Five questions Raptors must answer as NBA’s silly season begins –

The most anticipated, hyped, overhyped and potentially transformative days of the NBA calendar are upon us.

Over the coming days and weeks, the NBA draft will have concluded and free agency will have mostly come and gone. The most significant business associated with each will be largely completed by the first week of July.

For a club like the Toronto Raptors, the next few weeks present an opportunity to reshape a team that seems largely trapped in NBA limbo — not good enough to contend, but not bad enough to start selling for scrap.

They could also do a whole lot of not much, which is also a choice.

Last season, the status quo translated into a 41-41 record, a loss in the first play-in game and a fired head coach. Raptors president Masai Ujiri then suggested that selfishness and a shift in team culture were factors in the way his club fell back from 48 wins the previous season.

How much is chicken and how much is egg for a team that otherwise finished 28thth in effective field-goal percentage and 29thth in the opponents’ eFG will be up to newly anointed head coach Darko Rajakovic to find out.

There is no debate that Toronto has some work to do and questions to be answered.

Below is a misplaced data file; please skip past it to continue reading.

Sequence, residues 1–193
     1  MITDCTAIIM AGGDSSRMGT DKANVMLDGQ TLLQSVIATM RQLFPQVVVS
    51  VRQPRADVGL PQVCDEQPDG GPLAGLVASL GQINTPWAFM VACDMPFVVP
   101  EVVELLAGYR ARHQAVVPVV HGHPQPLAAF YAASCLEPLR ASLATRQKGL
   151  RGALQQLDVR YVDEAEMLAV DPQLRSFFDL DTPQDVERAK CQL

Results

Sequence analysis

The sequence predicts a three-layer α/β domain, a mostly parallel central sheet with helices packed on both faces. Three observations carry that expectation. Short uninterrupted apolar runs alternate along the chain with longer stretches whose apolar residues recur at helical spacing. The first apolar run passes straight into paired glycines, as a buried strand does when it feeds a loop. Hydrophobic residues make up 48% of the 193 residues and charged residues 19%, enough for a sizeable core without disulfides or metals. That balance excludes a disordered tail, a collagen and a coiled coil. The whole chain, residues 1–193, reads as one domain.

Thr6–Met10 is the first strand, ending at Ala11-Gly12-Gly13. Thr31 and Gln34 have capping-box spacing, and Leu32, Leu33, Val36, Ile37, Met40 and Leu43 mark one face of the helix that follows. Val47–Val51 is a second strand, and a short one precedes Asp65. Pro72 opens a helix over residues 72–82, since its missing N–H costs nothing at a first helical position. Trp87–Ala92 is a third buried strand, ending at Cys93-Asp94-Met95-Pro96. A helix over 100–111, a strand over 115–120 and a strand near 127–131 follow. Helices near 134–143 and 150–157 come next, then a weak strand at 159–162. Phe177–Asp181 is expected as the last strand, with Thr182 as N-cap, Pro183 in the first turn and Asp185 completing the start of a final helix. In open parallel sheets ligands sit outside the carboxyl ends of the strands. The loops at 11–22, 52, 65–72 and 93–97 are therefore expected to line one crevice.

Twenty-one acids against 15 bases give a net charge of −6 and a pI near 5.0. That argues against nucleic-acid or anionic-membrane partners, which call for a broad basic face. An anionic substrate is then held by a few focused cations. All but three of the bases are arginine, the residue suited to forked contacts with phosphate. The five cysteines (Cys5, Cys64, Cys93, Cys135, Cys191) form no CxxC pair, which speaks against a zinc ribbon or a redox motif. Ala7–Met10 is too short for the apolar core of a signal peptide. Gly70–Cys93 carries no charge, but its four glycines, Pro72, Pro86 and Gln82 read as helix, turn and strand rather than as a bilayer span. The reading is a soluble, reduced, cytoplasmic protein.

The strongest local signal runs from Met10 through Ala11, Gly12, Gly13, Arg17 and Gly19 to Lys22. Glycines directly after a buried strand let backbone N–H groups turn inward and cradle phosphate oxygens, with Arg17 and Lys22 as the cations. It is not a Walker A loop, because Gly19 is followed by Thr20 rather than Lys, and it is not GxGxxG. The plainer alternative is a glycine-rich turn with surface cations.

Among them:

• Are they looking at trading one of their core pieces — and given the contract status of most of the key players in the Raptors rotation, do we really mean one of OG Anunoby or Pascal Siakam — for a chance to move up in the draft?

• Will they (or can they) re-sign veteran point guard Fred VanVleet, who is a pending free agent?

• Do they resign shooting guard Gary Trent Jr., assuming he declines his player option before Tuesday and becomes a free agent?

• How much will it cost to re-sign free-agent center Jakob Poeltl?

• If they don’t trade up in the draft, which is Thursday, who or what kind of player might be available with the No. 13 pick?

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In isolation, the picks facing the Raptors aren’t all that important to an NBA team. It’s rare that the franchise doesn’t deal with important player personnel decisions. But given where the Raptors stand and the number of seemingly interconnected choices they have to make, it’s not too much to suggest that the calls the front office makes — or doesn’t make — in the coming weeks will shape the direction of the Raptors for years to come .

And while it’s common to suggest that the Raptors shroud the entire process in mystery, that’s not necessarily the case. They haven’t released a manifesto or anything, but their words and actions certainly provide a basis for where things could go in the coming weeks.

Perhaps most importantly, there is no appetite to tear things down and start over, as we have seen some other ‘limbo’ teams do in recent years. The Washington Wizards, who moved on from Bradley Beal over the weekend, are the latest example of that, and how moves made by the Utah Jazz last summer or the Orlando Magic, San Antonio Spurs and Oklahoma City Thunder before that can be categorized.